Inclusion Wins Big!
Sports, Track

Inclusion Wins Big!

By Jackson Teal

A smile can tell the story.

You may think you need to win to be happy. For some, just being there and getting to compete like everyone else exhilarates them.

For most of the 25 Unified Track athletes this spring, the win doesn’t matter to them. Instead, all they care about is the joy it brings them. 

 “Everybody deserves to feel that feeling of being in the spotlight,” general education unified track athlete Jacob Snodgrass said. “I think they’re often left out and kind of just looked over, but they’re humans too, and they deserve that sense of competition just like everyone else.”

Unified Track combines general education and special needs students to compete in track and field events. Their combined scores earn them placement points and possibly a win.

Fun with the squad
Kolten Rhonemus and Jacob Snodgrass hang with their unified friends, Savannah Shockley and Collin Vance. (Photo Provided)

In previous years, there have been some troubles in the competition, however. They have not had enough players to field a full team. This didn’t give them the opportunity to score as many points as other teams.

This year that’s not the case at all. Their numbers have skyrocketed with 12 new members.

“It is a great way to join different athletes together to serve a common purpose for all athletes,” assistant coach Kurt Griffis said.

The team started with only six members in 2017, 

”We were the ‘motley crew’ and we were tiny but we were mighty,” head coach Amanda Lewis said. “The plan all along, however, was for it to eventually grow to what it is now.”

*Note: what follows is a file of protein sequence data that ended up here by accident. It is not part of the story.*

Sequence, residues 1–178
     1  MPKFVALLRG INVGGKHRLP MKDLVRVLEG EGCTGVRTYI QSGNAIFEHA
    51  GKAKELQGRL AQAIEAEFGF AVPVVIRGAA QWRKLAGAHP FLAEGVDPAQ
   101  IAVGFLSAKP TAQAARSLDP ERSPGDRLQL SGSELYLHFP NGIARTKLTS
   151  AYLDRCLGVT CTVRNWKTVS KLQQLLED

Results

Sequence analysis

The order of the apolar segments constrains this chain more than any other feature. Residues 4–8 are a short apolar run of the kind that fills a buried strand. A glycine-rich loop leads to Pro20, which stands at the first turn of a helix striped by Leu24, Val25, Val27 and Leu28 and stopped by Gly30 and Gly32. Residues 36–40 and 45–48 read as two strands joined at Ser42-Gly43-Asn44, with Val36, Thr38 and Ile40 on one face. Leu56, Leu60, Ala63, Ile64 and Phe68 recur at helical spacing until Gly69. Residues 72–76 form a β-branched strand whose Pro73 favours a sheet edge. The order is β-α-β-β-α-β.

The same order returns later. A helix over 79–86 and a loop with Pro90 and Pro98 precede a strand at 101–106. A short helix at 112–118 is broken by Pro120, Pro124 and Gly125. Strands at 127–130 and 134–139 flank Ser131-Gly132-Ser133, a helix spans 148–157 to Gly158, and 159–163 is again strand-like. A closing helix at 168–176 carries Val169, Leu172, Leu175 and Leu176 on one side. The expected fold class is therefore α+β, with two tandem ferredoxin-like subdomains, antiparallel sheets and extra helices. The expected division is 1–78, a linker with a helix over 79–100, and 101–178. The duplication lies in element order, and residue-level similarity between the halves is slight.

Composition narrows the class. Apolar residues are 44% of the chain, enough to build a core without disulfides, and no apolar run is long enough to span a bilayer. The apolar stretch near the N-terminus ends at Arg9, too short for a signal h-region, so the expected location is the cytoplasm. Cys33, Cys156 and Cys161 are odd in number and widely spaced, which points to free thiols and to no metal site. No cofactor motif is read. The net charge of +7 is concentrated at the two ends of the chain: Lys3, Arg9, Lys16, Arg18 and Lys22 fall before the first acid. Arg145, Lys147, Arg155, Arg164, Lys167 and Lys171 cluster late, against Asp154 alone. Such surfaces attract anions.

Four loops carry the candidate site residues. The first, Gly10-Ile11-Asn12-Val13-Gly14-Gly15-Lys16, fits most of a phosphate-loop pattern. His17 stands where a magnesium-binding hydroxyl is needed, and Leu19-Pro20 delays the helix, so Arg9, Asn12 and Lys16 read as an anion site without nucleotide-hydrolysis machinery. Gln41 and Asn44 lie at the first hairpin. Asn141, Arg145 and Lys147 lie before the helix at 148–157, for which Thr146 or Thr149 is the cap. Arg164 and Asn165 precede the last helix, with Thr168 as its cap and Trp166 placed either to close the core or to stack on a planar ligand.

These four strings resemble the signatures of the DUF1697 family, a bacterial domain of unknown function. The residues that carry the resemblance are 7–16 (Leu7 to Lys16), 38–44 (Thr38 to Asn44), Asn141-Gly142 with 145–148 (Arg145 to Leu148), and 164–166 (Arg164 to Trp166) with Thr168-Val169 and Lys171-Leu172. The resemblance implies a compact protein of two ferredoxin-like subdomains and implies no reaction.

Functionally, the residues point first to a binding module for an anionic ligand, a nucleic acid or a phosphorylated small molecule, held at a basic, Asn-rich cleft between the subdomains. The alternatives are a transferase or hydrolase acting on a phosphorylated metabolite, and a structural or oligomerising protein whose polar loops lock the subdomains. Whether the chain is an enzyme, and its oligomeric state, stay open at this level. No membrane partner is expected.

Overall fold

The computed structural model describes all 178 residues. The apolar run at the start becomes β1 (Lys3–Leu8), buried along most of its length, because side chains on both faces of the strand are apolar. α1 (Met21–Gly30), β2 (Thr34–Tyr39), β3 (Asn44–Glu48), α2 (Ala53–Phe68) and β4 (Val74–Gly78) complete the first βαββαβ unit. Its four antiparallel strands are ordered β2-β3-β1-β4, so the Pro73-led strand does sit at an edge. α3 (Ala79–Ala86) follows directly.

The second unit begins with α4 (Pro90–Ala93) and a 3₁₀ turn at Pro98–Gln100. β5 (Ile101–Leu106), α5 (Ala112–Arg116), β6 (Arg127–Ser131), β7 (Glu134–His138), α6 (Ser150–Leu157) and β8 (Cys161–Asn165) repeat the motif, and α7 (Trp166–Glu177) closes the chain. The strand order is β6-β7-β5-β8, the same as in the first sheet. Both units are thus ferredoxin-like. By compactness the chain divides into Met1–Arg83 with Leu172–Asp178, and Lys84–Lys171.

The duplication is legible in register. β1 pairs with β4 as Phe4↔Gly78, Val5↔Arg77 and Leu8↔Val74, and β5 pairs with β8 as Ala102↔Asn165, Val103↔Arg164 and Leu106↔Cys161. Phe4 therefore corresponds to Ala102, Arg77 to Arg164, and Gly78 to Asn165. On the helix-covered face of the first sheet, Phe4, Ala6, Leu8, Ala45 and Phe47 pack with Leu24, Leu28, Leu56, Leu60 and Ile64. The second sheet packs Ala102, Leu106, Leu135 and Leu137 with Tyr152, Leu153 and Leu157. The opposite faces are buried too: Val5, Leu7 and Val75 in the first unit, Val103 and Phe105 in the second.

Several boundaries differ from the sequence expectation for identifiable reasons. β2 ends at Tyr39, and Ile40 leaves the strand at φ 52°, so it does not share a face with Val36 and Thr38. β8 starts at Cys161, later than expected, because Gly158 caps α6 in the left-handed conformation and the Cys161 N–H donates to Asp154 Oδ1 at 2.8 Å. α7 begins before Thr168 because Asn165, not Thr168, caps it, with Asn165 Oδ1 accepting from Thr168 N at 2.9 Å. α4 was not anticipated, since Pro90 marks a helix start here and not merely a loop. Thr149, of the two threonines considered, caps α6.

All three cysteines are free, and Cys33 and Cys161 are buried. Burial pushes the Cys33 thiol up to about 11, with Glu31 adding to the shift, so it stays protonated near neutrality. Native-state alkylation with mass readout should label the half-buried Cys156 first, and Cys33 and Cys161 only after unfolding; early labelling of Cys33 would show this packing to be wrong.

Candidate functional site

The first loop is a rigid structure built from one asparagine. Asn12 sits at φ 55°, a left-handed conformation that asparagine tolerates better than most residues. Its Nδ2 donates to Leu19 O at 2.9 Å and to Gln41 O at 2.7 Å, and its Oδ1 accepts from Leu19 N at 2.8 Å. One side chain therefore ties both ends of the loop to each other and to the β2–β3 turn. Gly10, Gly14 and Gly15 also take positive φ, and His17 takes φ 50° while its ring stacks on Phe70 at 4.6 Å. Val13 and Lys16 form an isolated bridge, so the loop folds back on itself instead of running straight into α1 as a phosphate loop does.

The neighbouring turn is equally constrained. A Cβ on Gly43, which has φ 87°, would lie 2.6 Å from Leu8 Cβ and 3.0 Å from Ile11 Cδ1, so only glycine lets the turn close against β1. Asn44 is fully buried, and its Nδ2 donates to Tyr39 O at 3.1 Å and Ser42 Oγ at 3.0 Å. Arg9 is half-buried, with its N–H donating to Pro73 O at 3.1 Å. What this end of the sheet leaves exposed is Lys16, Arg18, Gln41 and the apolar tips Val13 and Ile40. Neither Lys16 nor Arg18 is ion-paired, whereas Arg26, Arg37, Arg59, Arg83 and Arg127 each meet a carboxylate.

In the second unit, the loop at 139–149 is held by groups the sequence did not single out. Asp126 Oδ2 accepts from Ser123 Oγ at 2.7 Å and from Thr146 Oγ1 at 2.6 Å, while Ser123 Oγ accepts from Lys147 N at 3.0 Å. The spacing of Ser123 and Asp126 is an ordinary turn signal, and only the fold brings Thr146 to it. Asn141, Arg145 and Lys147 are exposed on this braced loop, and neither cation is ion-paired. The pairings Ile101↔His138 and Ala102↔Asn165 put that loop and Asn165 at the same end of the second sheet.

Original team
This unified track team photo from 2017 shows the original squad of just six members. Now the team has grown to 25 participants. (Photo Provided)

That plan has come to fruition. A large factor in the growth has been senior general education athlete Ryne Brown. 

“I’m the kind of guy who doesn’t hide my personality and I was extremely proud to be on the team,” Ryne said. “I promoted the team all offseason and I think people caught on to how good of a cause it is.”

Ryne’s family has a history of working with those with special needs beginning with his grandmother, Cheryl Brown, who had a position at Hillcroft Services Inc.. This is a local company whose mission is to support people with disabilities after high school. 

Ryne’s connection has strengthened in recent years with his involvement in unified track.
He suffered a torn labrum causing him to not be able to throw shot put on the school’s varsity track team.

“It was kind of a blessing in disguise for me,” Ryne said. “It changed my life in many ways I wouldn’t have expected.”

The friendships have extended outside of the track.

He has made many strong connections with several of the special-ed athletes. One bond that he has formed that sticks out from the rest is with fellow senior Savannah Shockley.

Ryne and Savannah have shared many special moments with each other over the years including getting to be nominated and experiencing Homecoming court together for the first time.